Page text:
Iran has been looking to Europe for support ever since Trump started to threaten the nuclear deal. However, it is doing so while still wary of the prospect that the European Union might fold under US pressure, as in its earlier negotiations with Iran in 2003-2005. The latter scenario is constantly propagated by radicals inside Iran, who accuse the Hassan Rouhani administration of being naive for trusting the Europeans.
Comments made by Kamal Kharazi on the sidelines of the Tehran Security Conference on Jan. 8 highlight this view. Kharazi served as foreign minister under Reformist President Mohammad Khatami (1997-2005) and currently heads Iran’s Strategic Council on Foreign Relations. He told reporters, “If the United States refuses to renew the sanction waivers, it means that the United States has pulled out of the JCPOA. Then we have to see how the Europeans react to Trump’s policy. If they maintain their independence and resist the US pressure, then a new situation will develop. If, on the other hand, the Europeans decide to cave under pressure and comply with the policies of the United States, then the situation will change. Iran will only comply with the JCPOA for as long as it is in our interest — and [it will] not [do so] if we receive no benefits from it.”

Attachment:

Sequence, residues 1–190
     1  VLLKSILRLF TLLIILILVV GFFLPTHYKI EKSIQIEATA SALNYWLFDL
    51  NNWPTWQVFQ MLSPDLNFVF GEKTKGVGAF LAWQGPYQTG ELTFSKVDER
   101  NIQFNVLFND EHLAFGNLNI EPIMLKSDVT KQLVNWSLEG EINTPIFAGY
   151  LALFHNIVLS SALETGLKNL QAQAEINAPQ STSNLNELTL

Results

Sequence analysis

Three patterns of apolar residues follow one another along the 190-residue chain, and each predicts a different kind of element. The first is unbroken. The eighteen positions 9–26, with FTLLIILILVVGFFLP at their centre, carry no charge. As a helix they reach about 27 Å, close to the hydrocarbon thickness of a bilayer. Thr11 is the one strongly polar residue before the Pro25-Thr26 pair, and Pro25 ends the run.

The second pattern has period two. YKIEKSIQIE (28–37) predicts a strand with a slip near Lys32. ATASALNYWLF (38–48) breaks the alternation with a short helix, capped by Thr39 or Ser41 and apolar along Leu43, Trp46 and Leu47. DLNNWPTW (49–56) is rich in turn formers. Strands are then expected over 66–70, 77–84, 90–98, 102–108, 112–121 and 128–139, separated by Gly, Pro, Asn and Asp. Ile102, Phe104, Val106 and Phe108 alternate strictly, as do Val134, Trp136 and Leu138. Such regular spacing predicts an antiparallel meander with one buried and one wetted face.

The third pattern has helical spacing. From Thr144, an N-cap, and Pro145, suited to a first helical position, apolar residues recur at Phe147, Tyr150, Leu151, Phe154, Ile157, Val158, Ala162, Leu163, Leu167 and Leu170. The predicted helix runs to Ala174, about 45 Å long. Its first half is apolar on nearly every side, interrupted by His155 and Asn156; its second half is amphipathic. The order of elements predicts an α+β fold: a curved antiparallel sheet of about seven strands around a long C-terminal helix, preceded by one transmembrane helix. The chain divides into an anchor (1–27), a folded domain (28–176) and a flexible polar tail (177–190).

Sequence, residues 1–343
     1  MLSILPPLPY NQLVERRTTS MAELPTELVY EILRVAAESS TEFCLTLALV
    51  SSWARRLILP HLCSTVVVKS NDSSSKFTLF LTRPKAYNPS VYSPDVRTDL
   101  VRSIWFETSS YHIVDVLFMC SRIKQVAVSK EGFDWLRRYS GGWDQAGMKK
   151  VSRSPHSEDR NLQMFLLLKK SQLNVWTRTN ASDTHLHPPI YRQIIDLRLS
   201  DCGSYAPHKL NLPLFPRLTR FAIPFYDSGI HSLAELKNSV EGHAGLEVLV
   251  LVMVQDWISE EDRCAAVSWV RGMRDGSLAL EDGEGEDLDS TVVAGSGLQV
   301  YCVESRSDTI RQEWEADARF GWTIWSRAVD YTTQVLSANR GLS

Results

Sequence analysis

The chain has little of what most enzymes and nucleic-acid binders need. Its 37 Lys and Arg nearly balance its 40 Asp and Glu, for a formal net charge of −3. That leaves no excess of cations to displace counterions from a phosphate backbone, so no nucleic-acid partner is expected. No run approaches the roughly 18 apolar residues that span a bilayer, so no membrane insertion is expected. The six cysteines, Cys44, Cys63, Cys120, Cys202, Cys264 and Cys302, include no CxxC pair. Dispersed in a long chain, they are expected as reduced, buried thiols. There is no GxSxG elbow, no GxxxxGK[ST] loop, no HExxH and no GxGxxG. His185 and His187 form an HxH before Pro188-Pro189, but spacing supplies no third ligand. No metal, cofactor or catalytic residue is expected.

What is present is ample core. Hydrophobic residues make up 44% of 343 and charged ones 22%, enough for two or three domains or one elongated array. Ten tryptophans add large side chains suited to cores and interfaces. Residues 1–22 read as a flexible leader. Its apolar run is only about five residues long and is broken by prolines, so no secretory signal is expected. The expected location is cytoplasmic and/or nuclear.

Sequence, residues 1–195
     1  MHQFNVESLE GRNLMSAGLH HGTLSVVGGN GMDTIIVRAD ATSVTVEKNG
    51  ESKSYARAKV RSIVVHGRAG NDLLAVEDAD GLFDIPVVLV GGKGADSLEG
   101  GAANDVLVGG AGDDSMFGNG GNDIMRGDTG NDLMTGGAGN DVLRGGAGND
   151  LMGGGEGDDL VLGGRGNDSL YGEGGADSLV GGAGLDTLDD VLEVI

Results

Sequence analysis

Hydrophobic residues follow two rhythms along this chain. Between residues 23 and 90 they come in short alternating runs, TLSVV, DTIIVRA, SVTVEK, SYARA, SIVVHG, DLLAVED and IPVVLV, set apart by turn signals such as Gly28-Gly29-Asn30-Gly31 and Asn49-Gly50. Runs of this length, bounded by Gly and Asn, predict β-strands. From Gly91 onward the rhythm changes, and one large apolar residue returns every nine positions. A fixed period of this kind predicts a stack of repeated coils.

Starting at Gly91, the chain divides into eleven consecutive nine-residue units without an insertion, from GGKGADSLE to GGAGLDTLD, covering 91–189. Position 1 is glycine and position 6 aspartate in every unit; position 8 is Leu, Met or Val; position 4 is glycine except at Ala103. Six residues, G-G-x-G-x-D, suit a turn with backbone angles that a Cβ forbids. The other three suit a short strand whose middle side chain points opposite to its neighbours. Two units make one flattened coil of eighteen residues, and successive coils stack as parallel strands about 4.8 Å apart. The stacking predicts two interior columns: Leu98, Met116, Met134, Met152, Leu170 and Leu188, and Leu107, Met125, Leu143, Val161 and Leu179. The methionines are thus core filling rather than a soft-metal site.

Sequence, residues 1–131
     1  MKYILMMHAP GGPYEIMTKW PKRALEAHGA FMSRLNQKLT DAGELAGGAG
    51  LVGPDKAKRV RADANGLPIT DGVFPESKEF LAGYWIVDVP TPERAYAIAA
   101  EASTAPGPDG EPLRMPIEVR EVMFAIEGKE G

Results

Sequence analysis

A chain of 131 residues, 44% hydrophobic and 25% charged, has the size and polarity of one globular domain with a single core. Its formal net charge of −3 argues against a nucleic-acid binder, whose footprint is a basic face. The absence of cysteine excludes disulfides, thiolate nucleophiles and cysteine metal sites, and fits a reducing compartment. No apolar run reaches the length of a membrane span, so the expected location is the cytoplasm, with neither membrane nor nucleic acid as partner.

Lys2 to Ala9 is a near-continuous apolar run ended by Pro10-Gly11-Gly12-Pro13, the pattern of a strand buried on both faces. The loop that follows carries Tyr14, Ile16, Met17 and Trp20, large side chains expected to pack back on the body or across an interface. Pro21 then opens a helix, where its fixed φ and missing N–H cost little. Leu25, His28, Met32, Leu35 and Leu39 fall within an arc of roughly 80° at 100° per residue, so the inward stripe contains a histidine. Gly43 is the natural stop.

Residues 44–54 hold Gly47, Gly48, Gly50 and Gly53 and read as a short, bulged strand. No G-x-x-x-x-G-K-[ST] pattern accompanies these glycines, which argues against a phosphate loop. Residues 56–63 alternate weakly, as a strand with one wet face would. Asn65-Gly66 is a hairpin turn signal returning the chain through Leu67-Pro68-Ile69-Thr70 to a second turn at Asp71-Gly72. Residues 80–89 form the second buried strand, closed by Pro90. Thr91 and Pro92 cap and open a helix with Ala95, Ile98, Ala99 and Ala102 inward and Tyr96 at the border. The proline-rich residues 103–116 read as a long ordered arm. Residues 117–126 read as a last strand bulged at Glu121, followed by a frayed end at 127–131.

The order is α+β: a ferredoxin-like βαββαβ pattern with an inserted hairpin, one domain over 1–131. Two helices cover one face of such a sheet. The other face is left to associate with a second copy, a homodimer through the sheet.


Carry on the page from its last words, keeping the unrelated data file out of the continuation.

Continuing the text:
Foreign Minister Mohammad Javad Zarif touched on the same theme during his Jan. 10-11 trips to Russia and Belgium to hold talks with his European and Russian counterparts as well as EU foreign policy chief Federica Mogherini. Zarif, no doubt, once again raised what Iran expects from Europe in his meetings in Brussels on Jan. 11.
Azizollah Hatamzadeh, an expert on Iran-US relations, told Al-Monitor, “The United States is trying to force Iran to act first and leave the JCPOA. … Iran should be smart and react wisely. Considering Trump’s multiple tweets regarding the recent protests in Iran, it is obvious that the US president is trying to take advantage of the situation and is attempting to look for a reason, any reason, to put more pressure on Iran.” Hatamzadeh also said, “If the United States withdraws from the JCPOA, Iran should expand its nuclear technology while continuing its cooperation with the Europeans.”
As such, it appears that Tehran continues to harbor hopes that Europe can prevent Trump from completely abandoning the JCPOA. However, it does so while also considering the efforts of the Europeans to keep the deal working to be insufficient and thus wants Europe to be more active, especially when it comes to financial and banking sanctions targeting Iranian banks. Therefore, Iran’s response to Trump’s next move will in essence have less to do with his reaction and more to do with what Europe may do next.